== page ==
Brazil to meet FIFA

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Brazilian Minister of Sports Aldo Rebelo has accepted an invitation by FIFA to participate in a meeting on the FIFA Confederations Cup and 2014 FIFA World Cup preparations with FIFA and the 2014 FIFA World Cup Organising Committee Brazil (LOC) at the Home of FIFA in Zurich on 8 May 2012.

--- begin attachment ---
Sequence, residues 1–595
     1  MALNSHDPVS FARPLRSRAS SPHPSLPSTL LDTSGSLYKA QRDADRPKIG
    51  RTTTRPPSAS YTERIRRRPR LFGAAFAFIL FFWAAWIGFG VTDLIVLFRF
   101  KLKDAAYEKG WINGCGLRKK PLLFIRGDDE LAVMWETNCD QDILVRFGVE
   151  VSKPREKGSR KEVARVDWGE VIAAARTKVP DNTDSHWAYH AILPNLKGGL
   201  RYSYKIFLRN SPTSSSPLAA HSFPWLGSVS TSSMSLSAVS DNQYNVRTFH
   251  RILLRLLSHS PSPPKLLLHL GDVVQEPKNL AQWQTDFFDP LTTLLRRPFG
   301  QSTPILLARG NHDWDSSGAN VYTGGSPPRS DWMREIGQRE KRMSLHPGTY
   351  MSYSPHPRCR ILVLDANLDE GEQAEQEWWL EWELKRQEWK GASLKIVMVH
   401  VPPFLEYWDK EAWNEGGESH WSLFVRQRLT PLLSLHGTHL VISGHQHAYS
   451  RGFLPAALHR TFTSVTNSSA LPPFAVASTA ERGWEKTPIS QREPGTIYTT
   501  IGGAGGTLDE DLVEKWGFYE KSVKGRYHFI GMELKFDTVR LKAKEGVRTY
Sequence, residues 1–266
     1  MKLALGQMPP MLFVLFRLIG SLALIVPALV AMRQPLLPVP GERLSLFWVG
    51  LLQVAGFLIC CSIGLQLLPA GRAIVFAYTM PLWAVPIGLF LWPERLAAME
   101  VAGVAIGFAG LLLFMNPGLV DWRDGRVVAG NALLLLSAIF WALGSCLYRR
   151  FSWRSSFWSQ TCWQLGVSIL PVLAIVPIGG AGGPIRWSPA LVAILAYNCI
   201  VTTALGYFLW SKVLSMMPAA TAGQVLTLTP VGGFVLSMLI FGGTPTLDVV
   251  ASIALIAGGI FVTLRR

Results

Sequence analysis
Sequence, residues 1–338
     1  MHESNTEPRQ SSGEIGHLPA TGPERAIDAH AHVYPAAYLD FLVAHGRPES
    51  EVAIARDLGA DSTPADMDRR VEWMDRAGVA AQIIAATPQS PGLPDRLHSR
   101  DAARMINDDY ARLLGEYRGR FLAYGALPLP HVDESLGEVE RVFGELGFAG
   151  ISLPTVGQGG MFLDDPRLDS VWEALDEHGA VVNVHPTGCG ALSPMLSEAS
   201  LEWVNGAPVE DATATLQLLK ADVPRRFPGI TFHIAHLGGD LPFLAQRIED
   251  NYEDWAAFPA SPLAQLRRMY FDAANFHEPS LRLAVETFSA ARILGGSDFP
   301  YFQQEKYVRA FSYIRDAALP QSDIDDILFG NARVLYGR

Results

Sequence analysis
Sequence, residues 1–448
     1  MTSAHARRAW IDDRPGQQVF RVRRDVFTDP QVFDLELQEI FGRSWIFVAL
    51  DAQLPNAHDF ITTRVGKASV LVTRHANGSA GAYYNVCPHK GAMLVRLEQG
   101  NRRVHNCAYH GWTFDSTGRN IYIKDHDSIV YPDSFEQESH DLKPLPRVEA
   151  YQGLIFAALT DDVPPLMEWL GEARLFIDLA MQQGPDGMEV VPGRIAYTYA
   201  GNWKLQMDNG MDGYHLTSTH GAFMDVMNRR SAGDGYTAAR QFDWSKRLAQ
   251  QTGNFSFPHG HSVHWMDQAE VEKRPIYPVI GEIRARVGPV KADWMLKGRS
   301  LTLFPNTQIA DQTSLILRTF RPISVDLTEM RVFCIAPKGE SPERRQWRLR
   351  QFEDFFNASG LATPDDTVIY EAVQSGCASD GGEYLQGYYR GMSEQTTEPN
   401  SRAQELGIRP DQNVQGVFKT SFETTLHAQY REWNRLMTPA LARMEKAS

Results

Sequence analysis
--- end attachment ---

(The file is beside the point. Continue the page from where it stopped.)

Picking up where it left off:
The working session will encompass the latest status of preparations as well as the agenda for the next 24 months. As well as the Minister of Sports, the ministrys Executive Secretary Luis Fernandes and its office chief Luiz Paulino will attend. FIFA President Joseph S. Blatter will officially open the meeting. From the FIFA side, Secretary General Jerome Valcke, Deputy Secretary General Markus Kattner as well as the respective directors of the departments of Competition, Communication & Public Affairs and Legal will participate in the meeting. The LOC will be represented by Chairman Jose Maria Marin and two members of the management board, Ronaldo and Bebeto. Also present will be FIFAs Brazilian Executive Committee member Marco Polo Del Nero. Meanwhile, Rebelo has insisted that the country will be ready to stage the 2014 FIFA World Cup, adding that all planned infrastructure and stadium projects will be completed on time. Rebelo has told journalists that Brazil is spending $15. 9bn on projects linked to the tournament, as well as offering an additional $212m to each group building or upgrading the 12 stadia for the World Cup. Rebelos comments come after President Dilma Rousseff this week announced that $17bn would be directed towards enhancing public transport infrastructure ahead of the World Cup and 2016 Olympic Games. The World Cup is a majestic and a very important event, said Rebelo, according to Bloomberg. But Brazil has done more important and more difficult things. Criticism of Brazils preparations for the tournament have centred on issues such as the implementation of the controversial World Cup law, delays and rising costs in construction projects, along with labour disputes which have led to strike action by construction workers at stadium sites. South Africa was similarly dogged by criticism ahead of its staging of the 2010 tournament, and Rebelo admitted that certain negative headlines were to be expected.

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